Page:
The fire has proven so difficult to control for several reasons. First, it is an extreme drought in southern CA, and the vegetation moistures are at off-the-chart record lows. Secondly, it is extremely rugged country with difficult and slow access. and third, it is largely burning in a Wilderness Area where there are legal restrictions on firefighting operations.
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Postby SSSdave » Sat Aug 18, 2007 10:04 am

dave54, the historical fires in the 1800s you are referring to were mainly due to the usual practices of immigrating US settlers and Europeans clearing lands by use of fires. Native Americans had always used slash and burn fires of course for similar purpose but that was likely in late fall and after living in California for centuries, the amount of such buring was probably minimal versus when US settlers were swarming new lands in the state all over. Natural fires due to lightning of course have always been few west of the Sierra high country. Especially so in the Coast Range due to their low elevations. Speculation is that before settlers came there was considerable more areas of forest in the southern Coast Range mountains that tended to occasionally burn catastrophically every several decades when rare summer lightning events did occur. Generally the extensive chaparral areas we see now are a result of a lot of abuse during the 1800s.

As for large summer fires smoking up skies during our Sierra summers, as a photographer I hate it. Disliked many of the controlled burns that were done last decade during summer too instead of waiting for the fall. My memory is of the clarity of air during the 1970s and 80s. More common of course are all the usually small lightning caused high country fires that tend to have limited possible acreage to burn and burn out more readily. However most of the big fires in the Southern Sierra have been caused by people as well as most of the Southern California fires that plague us.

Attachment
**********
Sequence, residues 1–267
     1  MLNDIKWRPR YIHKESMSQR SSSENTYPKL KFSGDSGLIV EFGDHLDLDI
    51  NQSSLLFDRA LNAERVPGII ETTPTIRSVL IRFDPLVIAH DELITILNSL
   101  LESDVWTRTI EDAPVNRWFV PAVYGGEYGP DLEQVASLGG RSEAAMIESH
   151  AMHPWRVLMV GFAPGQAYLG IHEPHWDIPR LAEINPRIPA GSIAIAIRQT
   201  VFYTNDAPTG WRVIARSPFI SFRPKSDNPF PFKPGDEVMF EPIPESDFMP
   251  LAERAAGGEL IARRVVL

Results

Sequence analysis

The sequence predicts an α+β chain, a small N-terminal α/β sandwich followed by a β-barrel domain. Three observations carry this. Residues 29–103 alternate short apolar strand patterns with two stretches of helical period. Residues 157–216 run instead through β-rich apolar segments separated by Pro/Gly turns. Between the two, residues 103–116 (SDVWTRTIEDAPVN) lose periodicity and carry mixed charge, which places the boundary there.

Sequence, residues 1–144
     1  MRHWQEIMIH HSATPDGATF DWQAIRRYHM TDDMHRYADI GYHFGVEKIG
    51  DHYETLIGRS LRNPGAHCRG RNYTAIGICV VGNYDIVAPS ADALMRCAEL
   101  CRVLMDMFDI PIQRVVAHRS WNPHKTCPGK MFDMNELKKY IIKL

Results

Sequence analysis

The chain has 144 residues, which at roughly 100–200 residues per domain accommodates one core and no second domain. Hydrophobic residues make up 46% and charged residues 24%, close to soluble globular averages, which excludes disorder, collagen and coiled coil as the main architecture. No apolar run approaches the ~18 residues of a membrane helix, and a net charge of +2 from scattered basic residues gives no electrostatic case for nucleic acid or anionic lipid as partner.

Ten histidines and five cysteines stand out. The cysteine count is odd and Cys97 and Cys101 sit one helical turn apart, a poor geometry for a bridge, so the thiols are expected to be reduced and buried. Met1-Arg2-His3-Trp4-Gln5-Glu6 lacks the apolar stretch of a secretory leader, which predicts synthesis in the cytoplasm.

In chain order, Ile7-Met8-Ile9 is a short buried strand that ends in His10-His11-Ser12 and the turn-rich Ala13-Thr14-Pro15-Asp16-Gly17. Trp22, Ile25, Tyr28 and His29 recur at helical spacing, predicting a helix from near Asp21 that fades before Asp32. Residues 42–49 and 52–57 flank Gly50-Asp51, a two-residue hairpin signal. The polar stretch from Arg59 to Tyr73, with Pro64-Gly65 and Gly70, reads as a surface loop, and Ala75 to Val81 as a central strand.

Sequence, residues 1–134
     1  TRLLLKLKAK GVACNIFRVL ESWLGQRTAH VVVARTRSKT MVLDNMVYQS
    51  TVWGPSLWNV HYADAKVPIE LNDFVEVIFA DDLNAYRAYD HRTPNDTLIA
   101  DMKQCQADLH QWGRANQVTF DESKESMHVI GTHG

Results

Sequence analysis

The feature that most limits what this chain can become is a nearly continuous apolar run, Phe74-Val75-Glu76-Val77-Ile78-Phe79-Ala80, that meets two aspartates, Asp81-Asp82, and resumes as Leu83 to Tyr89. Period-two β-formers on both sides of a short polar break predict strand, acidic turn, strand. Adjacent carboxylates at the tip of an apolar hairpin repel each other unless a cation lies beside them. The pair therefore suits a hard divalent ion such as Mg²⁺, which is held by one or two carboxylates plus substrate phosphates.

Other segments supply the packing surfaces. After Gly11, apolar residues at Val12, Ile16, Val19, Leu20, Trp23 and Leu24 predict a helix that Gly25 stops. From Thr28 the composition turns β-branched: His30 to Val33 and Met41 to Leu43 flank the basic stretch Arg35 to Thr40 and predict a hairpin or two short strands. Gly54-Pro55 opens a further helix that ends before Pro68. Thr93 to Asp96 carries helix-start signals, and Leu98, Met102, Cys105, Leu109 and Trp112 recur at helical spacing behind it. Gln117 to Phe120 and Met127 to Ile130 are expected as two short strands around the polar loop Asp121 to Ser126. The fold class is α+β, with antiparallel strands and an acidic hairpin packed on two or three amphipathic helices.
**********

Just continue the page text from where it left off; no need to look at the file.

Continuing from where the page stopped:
Latest weather scenario for the next few days is looking a bit more promising with winds likely to blow the Zaca smoke more towards Kern County instead of Fresno County so I am expecting to hit the road tomorrow. ...David
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Postby mountaineer » Sat Aug 18, 2007 10:22 pm

rightstar76 wrote:Glad you brought this up Ranboze and SSSdave. My wife and I have been thinking about going backpacking the next couple of weeks or three but now I'm thinking about putting it off into the middle of September because of this problem. I'm assuming going out of the west slope of the Sierra i.e. Lake Edison, etc. won't help much or would it? So the weather pattern will change enough by mid September that the smoke won't be a problem? Maybe dmatt could comment on this.


Rightstar...I just talked to the folks at Vermillion Resort at Edison today. They said it was crystal clear yesterday and nearly as nice today.
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Postby rightstar76 » Sun Aug 19, 2007 11:50 pm

Thanks mountaineer. It's not fun going to the Sierra when you can't see anything. Hopefully the winds will change and the smoke will go elsewhere.
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Postby mountaineer » Mon Aug 20, 2007 10:29 am

I am leaving to go up right now to Edison. Will give a smoke report when I return this weekend. Going to do Graveyard Peak hopefully(for the third time).